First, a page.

All the way back in June, there was a big announcement for all sci-fi nerds and geeks. Hill Valley, California, the place where the Back to the Future franchise took place, was coming to England. Courtesy of Secret Cinema, a team of creative types would be working hard to recreate the fictional town, for films buffs to step into, fully immersing themselves in the 1950’s flair, eventually ending the evening with watching Back to the Future.
At this point Julien was on a work trip to Ireland, where he was writing a piece for the Daily Mail about the filming locations for Game of Thrones; so I thought to myself, as a treat to him I’d grab us a couple of tickets as a surprise.
If you’re reading this and tried to book tickets at the original sale, you will remember the sheer frustration and tediousness as Secret Cinema decided upon using a server that could not handle the volume of customers, who clearly would be trying to book tickets for an event with such a cult classic status and following. After sitting for the majority of my working day, at my desk, staring at the same screen telling me my booking was processing and to sit tight and not refresh, there was finally a message saying that no one managed to buy tickets, and to try again the next day; when they’d be using See Tickets instead.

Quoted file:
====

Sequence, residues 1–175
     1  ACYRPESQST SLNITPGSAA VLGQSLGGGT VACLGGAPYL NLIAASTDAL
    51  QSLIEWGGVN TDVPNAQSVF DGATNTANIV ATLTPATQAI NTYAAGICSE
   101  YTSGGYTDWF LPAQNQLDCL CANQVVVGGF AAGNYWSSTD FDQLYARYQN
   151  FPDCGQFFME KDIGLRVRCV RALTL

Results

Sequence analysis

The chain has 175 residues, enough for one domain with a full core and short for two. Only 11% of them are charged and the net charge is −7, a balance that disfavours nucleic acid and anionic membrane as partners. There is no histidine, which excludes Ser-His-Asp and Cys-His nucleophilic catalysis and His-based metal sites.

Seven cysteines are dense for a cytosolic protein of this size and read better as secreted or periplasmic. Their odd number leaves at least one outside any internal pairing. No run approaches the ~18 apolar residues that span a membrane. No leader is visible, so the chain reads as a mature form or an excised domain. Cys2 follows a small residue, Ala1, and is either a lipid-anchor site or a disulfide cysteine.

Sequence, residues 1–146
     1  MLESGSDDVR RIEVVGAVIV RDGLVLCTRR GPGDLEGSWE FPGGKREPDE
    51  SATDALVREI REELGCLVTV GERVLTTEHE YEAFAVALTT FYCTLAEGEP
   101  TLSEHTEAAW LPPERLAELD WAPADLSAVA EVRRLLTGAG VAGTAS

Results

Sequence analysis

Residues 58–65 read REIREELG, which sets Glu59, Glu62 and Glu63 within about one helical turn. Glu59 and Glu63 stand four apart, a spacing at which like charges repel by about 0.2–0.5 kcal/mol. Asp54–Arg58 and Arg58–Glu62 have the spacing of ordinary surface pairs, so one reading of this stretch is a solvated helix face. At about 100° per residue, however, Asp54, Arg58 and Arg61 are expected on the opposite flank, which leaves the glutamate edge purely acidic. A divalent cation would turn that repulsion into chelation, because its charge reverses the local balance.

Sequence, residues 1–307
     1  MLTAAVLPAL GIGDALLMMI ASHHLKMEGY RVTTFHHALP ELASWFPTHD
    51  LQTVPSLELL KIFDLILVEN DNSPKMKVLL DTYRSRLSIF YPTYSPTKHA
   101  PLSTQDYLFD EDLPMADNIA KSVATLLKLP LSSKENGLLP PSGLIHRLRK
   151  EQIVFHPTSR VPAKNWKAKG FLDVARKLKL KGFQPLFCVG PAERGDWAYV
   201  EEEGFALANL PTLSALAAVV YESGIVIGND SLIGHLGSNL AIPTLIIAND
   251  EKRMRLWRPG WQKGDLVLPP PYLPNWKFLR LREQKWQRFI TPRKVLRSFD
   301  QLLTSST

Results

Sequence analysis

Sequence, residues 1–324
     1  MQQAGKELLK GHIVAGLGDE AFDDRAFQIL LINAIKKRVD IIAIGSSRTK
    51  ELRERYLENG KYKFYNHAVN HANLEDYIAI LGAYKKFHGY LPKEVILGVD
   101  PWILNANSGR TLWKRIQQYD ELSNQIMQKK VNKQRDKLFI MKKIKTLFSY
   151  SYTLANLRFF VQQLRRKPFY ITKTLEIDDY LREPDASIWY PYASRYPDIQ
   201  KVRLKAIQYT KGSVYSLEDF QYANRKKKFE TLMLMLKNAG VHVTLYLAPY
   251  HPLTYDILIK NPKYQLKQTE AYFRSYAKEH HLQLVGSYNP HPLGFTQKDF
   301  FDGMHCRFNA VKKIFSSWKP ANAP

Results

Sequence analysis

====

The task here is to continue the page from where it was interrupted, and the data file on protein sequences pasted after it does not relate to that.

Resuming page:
So 24 hours later, I found myself with great ease, booking two tickets for Secret Cinema Presents Back to the Future. Success. Finally.
I told Julien about the surprise just a few hours later, seeing as A) I was super excited to hear his reaction, and B) I was worried he’d go and book himself tickets, not knowing I had.
Being a MASSIVE Back to the Future nerd, of course he geeked out straight away and started planning his outfit out. Even though we’d been told the theme for the night would be 50s, as that is the era that the movie mainly revolves around, Julien opted to plan his outfit around Back to the Future Part II, specifically Marty McFly’s pretty rad hat, jacket, hover board and of course, those sick Nike Mags.
Julien’s friend, Fern Blevins, had done an amazing job turning an old, unwanted bag; into a fully-fledged, legit looking hover board, as if straight from the film itself. It looked incredible, and she had been up until the early hours the night before, desperately trying to get it ready for him on time. With this to truly finish off the look, we knew we were going to look so (Marty Mc) Fly.